For the fifth year in a row, Plattsburgh State’s Bluegrass for the Next Generation Program is inviting students to attend the 34th-annual Joe Val Bluegrass Festival tomorrow and Sunday in Framingham, Massachusetts, at no cost to them for two whole days of pure bluegrass.

Sponsored by the Boston Bluegrass Union, the Joe Val Festival will feature some of the best bluegrass bands in the country, including the North Country’s own Gibson Brothers, PSUC alumni and award-winning bluegrass duo who got their start in Plattsburgh in 1987. 

Program coordinator Stephen Light said the BGNG program was launched after an anonymous donor donated upward of $100,000 to the college in 2011. The donated money allows BGNG to fully fund the trip to the festival. 

“[The program] keeps with the mission that [the donor] wanted us to do, and that is to expose new people to bluegrass music,” Light said. 

In addition to coordinating past trips for BGNG, Light performed as a semi-professional banjo player at the Joe Val Festival in past years with his own bluegrass band Beartracks. 

“It’s really just a passion, and it’s almost developed into a second career,” Light said.

The students will gather at the Angell College Center tomorrow morning and leave for the Sheraton Framingham outside of Boston. There, over 30 professional bluegrass bands will perform in and around the hotel, turning the ballrooms into concert halls, the walkways into CD-signing tables and the hallways into open jam sessions.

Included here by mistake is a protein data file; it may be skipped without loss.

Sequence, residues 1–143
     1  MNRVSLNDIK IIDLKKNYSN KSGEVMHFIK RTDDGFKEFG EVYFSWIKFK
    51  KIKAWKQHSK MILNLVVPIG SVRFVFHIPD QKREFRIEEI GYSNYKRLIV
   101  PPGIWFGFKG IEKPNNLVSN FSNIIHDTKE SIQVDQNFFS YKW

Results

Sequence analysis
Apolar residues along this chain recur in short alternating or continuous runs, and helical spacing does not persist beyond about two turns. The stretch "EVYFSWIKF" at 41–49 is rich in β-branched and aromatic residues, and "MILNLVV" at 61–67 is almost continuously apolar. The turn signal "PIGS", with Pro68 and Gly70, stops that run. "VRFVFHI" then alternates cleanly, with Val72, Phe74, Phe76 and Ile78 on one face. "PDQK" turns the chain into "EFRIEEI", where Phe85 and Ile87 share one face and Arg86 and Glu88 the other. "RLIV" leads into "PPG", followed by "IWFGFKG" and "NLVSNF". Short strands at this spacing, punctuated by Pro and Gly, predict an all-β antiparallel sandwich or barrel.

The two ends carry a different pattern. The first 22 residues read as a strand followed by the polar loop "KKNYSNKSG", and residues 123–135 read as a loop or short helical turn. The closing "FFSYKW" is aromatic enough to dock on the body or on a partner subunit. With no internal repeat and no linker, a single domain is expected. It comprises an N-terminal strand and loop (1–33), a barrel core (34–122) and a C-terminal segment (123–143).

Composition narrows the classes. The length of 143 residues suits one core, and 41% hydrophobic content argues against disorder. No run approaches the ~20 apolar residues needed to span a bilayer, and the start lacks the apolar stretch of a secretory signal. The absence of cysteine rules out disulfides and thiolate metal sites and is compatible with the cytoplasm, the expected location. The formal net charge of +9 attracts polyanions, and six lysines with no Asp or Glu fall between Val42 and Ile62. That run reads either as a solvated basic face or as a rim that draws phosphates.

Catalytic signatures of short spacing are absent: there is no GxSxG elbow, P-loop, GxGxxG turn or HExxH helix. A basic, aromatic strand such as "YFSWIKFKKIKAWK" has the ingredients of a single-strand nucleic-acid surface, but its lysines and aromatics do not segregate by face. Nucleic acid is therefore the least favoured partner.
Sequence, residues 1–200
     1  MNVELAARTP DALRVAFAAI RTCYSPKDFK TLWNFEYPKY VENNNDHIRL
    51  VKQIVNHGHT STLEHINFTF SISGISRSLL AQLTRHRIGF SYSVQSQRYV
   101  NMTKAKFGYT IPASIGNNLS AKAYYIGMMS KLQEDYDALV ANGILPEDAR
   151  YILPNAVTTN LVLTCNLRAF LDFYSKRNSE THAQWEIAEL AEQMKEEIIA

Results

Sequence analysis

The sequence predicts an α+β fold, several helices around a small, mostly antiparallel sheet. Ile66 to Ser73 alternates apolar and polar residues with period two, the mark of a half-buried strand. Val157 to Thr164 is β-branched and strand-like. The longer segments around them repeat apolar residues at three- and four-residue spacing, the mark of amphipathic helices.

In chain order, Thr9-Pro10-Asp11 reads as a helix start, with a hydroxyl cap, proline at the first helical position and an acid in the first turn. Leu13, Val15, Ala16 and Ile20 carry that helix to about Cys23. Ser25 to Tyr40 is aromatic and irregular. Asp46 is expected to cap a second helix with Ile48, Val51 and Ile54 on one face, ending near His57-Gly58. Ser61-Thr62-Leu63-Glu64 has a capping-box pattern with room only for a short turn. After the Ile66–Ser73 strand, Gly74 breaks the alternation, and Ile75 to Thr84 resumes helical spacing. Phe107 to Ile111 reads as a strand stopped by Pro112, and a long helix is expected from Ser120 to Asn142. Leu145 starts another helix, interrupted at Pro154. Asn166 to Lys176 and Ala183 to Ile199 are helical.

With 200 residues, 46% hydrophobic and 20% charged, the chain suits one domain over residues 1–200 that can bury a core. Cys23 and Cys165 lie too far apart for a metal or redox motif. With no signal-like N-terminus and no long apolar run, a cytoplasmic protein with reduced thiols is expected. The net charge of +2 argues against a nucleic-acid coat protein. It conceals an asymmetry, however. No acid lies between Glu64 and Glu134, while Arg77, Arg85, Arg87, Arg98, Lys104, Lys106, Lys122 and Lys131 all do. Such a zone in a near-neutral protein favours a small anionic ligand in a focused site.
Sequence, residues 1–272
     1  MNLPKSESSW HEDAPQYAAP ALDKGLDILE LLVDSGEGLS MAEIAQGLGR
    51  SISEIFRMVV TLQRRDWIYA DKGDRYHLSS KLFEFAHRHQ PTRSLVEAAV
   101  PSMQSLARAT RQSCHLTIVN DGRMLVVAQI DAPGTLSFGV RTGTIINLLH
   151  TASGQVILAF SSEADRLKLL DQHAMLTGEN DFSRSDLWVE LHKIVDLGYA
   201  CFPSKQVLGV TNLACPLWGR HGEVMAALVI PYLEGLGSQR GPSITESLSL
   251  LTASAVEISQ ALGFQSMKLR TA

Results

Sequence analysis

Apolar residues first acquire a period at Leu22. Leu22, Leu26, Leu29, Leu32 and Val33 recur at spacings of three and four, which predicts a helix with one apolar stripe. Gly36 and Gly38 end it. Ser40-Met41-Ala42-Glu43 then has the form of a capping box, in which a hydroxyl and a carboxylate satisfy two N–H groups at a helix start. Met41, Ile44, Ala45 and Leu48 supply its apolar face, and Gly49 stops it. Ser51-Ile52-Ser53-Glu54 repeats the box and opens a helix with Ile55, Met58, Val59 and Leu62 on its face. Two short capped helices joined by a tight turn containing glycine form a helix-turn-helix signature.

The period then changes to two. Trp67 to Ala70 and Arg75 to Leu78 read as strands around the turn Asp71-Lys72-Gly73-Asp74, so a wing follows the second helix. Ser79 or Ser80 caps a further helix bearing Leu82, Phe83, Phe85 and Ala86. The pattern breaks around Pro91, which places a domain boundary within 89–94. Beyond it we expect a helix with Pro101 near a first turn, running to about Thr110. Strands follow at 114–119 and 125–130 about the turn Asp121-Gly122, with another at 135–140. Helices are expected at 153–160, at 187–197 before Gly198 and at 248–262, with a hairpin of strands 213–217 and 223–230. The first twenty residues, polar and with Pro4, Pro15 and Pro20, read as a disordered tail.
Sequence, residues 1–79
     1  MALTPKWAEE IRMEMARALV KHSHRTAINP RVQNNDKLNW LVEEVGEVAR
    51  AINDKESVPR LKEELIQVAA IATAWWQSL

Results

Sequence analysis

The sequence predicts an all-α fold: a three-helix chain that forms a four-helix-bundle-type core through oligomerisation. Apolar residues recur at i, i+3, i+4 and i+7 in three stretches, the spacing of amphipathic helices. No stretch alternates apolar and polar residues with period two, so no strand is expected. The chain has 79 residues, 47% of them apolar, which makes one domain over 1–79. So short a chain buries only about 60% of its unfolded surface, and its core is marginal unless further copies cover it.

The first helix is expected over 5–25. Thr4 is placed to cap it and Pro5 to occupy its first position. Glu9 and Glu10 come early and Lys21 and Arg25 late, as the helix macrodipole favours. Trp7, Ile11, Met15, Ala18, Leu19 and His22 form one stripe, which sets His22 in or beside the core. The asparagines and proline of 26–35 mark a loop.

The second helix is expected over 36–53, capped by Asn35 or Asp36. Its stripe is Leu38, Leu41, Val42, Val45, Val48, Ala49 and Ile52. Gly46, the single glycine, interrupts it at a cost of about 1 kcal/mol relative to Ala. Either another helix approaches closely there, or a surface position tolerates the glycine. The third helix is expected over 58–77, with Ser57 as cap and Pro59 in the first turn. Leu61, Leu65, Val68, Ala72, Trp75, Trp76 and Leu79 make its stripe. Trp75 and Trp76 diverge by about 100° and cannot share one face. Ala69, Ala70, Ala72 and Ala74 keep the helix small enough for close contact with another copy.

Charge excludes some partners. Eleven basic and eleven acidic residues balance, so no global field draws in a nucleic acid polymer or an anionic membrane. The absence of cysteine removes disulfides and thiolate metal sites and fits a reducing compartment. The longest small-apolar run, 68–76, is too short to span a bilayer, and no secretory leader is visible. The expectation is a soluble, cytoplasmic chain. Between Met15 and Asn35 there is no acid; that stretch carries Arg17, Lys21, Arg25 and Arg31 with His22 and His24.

Light said bluegrass music follows the tradition of a close relationship between musicians and fans. Students who attend are encouraged to bring their instruments to participate in the festival’s open jam sessions. 

“The tradition is you don’t need to know the people,” Light said. “If I hear a banjo player I like, I can go up to that banjo player and talk to them after the show.” 

Any PSUC student could attend the trip, but some members of the college’s Bluegrass Club have signed up and look forward to going every year. Current president of the Bluegrass Club Jake Schaechinger is unable to attend this year’s trip but said that past events had music everywhere you go. 

“It’s like one big community,” Schaechinger said. “You walk in, and there’s people jamming out in the hallways. It feels like one big family get-together because everyone knows what they’re there for, and everyone’s able to play with each other.” 

Schaechinger said he enjoys bluegrass music for its openness and easy adaptability. 

“Even if you’re not familiar with a certain song, it’s really easy to pick up,” Schaechinger said. “It’s very easy to jump in, and it’s fun to play with a big group of people like that.”  

Like Schaechinger, sophomore psychology major Christina Dunn is also a member of The Cardinal Pickers, the college’s student-run bluegrass band. 

Dunn first discovered bluegrass when she took the music department’s intro to bluegrass class at PSUC. At last year’s Joe Val Festival, Dunn entered a raffle and won a new acoustic guitar. 

“That was pretty cool,” she said. “After seeing all the bands and then winning a guitar, it kind of really made me want to pursue bluegrass music more.” 

When it comes to bluegrass, Dunn enjoys the comfort of a free-form type of music genre. 

“It’s a lot [about] having fun,” Dunn said. “You can kinda do whatever you feel comfortable doing.” 

In an article from The Press Republican, PSUC student and current vice president of the Bluegrass Club Sam Gibney said he fell in love with bluegrass music at a similar outdoor festival, joining the Cardinal Pickers in the fall of 2017. 

“I first heard about the Joe Val Bluegrass Festival when I was a student in [Light’s] intro to bluegrass class,” Gibney told The Press Republican. “My initial reaction was that it was an insane opportunity not to be missed and if anything, it was a shame more students were not aware of it. The music never stops.”

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<a href="http://cardinalpointsonline.com/byline/emma-vallelunga/" rel="tag">Emma Vallelunga</a>